Good job guys, good job. And remember, if you want to focus on pronunciation and you want to focus on connected speech so that you sound a lot more like an Australian English speaker, or just an English speaker in general, make sure you sign up to The Aussie English Classroom, guys. There are loads of exercises in there. And this week I have actually uploaded every single vowel in Australian English with 10 or more examples so that you can practice every single vowel, and there is also now every single consonant including the T-flap, including the dark L. So, I’m really trying to fill out the Aussie English Classroom with material for you to focus on your pronunciation. And then also, with every expression episode like this there will be a pronunciation or connected speech exercise.
So, if you want to get in there, remember, jump in there before tomorrow, before Monday, and you will save 17 dollars a month, and it is just one dollar for your first month, for your first 30 days. You can try it. There’s no risk. You can unsubscribe at any time. You can pause your subscription at any time. But definitely get in there, if you take your English seriously.
Anyway, guys. Let’s get into the Aussie fact before we finish up.
So, today I didn’t really have a specific fact that I wanted to tell you. I more felt like talking about camping when I was a kid, and fishing when I was a kid, and what this was like. And the reason that I thought of this was because of the word ‘mullet’, the word ‘mullet’.
So, I used to go fishing when I was a kid down here in Ocean Grove at the river, and also my parents used to take me camping in summer to a place called Wilson’s Promontory, Wilson’s prom. And I’m sure that some of you guys listening, especially if you’re in Victoria and near Melbourne, have been to Wilson’s prom. It’s an absolutely beautiful place.
Anyway, when I went camping and fishing in these areas I used to catch mullet all the time. So, my dad and my entire family sometimes my grandparents and my uncle and auntie as well, we would go to Wilson’s Promontory, Wilson’s prom, we’d go camping down there. We each had four-wheel drives. Each one of the families would have a four-wheel drive, which is a kind of… a big car that you can drive on really difficult to drive along tracks. You can go up hills, down hills, if you get bogged in mud you tend to be able to get out of it. But that’s what a four-wheel drive is. Four-wheel drive. We’d take our tents. We’d have sleeping bags. We’d have blow-up mattresses and torches. Always a lot of insect repellent to get rid of the mozzies. The mozzies would always get you. And I used to have fishing gear. I would take that even though the rest of my family seemed to really dislike fishing. They just found it boring sitting there waiting for fish to bite the bait and get on the line. And I would also take things like Game Boys. I used to play Pokémon a lot. And we also take books. My sister used to love to read. So, I have an image in my head of her sitting up late under the covers in her sleeping bag in the tent with all of us and she would have her torch on whilst reading through one of her many books.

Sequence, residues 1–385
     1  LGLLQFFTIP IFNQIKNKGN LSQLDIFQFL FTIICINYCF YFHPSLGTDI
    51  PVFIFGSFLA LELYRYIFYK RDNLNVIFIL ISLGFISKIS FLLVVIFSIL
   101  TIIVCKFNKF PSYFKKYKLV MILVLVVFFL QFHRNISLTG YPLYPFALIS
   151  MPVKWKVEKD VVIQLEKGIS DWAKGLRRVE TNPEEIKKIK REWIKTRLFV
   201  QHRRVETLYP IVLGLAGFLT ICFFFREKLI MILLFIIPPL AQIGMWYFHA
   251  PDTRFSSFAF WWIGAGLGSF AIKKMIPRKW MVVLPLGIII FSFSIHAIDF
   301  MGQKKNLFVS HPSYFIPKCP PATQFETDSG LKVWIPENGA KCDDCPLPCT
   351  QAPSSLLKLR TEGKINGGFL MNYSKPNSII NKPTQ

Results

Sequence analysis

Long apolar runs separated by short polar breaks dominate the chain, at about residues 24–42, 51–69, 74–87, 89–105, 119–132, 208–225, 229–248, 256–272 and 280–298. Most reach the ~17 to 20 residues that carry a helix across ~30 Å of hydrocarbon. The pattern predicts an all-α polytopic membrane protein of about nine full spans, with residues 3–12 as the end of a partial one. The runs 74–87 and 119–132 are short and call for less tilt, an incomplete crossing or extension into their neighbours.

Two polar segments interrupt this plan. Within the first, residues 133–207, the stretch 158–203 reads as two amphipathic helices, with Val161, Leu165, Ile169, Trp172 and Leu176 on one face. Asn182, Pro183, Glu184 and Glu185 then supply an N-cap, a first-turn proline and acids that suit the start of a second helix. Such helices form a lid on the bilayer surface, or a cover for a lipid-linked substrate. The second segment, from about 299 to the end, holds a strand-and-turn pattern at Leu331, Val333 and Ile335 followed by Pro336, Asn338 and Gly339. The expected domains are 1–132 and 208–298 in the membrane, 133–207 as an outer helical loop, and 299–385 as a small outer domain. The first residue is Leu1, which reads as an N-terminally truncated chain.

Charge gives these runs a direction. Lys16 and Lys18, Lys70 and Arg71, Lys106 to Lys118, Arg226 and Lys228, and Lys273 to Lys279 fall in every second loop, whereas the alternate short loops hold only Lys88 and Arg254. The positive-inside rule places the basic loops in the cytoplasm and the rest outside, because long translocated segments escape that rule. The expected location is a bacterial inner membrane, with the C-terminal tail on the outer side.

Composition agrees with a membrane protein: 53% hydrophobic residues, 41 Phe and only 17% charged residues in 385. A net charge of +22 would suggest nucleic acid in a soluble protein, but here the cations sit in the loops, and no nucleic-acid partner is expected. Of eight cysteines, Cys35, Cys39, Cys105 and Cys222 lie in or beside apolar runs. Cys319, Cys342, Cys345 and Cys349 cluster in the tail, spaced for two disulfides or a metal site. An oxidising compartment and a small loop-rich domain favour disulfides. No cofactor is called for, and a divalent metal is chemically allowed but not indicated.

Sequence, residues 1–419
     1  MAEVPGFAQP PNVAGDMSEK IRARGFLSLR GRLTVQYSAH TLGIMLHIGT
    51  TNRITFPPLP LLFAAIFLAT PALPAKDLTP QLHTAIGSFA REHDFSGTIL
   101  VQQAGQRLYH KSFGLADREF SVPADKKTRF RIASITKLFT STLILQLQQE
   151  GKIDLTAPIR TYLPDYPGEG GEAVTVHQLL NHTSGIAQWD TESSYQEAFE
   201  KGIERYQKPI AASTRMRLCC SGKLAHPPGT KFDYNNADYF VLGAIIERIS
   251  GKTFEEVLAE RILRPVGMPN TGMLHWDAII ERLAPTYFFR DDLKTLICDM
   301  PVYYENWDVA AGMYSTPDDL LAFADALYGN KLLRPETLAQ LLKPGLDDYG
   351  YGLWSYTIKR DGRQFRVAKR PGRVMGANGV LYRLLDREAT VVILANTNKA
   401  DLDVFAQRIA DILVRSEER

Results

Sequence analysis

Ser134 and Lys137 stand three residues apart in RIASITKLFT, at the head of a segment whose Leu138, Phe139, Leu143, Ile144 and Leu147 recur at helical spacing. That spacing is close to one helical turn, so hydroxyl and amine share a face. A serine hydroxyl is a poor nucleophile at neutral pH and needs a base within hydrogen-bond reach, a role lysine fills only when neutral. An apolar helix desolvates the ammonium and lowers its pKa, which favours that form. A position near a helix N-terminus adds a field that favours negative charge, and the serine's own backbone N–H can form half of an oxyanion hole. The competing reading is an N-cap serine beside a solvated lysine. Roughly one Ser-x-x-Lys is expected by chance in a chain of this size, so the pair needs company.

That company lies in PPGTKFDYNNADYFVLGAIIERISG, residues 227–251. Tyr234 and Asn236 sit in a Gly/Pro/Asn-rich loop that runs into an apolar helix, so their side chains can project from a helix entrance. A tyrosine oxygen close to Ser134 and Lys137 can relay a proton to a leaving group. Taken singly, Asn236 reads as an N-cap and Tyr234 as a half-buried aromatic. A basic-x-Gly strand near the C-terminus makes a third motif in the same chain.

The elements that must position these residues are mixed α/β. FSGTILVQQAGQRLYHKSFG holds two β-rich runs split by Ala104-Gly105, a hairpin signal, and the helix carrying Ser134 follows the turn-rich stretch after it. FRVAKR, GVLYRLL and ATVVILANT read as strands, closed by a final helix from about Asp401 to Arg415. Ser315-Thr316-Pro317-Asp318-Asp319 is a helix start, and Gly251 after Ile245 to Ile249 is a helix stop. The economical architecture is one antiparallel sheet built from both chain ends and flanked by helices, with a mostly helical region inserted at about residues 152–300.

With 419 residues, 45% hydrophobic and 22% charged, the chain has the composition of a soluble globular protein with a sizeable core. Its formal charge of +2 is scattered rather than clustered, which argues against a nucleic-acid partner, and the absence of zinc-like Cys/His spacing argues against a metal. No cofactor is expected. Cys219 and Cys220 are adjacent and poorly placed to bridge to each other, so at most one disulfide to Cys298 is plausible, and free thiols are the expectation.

So, we used to go down there. We would pile out of the car, get all our stuff out, and I would help dad put the tent up. So, we would erect the tent. We’d get all that ready, and then usually, when we got to Wilson’s prom, it would be pretty close to a river, and the river’s called Tidal River, and I’d go fishing down there. So, I’d grab my rod, I’d grab my line, the sinkers, the hooks, the bait to put on the hook to try and catch the fish, or I’d have a lure, and so, all of my fishing tackle, and I’d run down to the river and start fishing.
And Tidal River at Wilson’s prom is a very interesting river, because it’s so close to the ocean, at least the part of the river that is near the camping ground, that when the tide goes out the river is able to flow downstream properly and you can see all of the brown tannins from the plant material in the water. And so, when the tide is out and the water’s flowing down the river, at the river mouth, it’s all brown. But then when the tide comes in the river changes colour and it goes blue or green, because now it’s all seawater that comes up the river. And that’s why it’s called Tidal River, because the tide goes in and it goes out, and it changes the colour. So, it was very cool. I used to love that river. And there was a huge rock nearby. This big granite rock that looked like a whale, and was funnily enough it was called ‘Whale’s rock’. So, I wonder if some of you guys have seen that rock if you’ve been to Wilson’s prom.
Anyway, I would go down there, I would cast my line out, and every now and then while I was fishing, I would catch fish like snapper, whiting, maybe some flathead, and often yellow-eyed mullet. So, the fish ‘the mullet.
Anyway guys, I just thought I would share that with you to give you an idea of what it was like as a kid to go fishing, to go camping. If any of you guys are living in Melbourne or in Victoria or are planning on traveling this way in Australia, definitely go and check out Wilson’s Prom. It is phenomenally beautiful. Okay?
So, that’s it for me today guys. Once again, massive thank you. I can’t believe we are almost past 400 episodes. That is absolutely amazing. That’s incredible. And I will chat to you in the next episode. Peace out, guys, and I hope you have an amazing Sunday.